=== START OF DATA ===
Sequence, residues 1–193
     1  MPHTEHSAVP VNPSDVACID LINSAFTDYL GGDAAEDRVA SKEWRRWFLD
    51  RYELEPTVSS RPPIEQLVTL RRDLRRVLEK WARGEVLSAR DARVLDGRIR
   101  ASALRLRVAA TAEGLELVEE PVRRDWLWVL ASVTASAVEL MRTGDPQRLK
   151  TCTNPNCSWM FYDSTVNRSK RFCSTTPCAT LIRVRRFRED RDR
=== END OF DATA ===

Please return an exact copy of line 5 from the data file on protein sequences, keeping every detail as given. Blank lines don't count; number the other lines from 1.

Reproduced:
   151  TCTNPNCSWM FYDSTVNRSK RFCSTTPCAT LIRVRRFRED RDR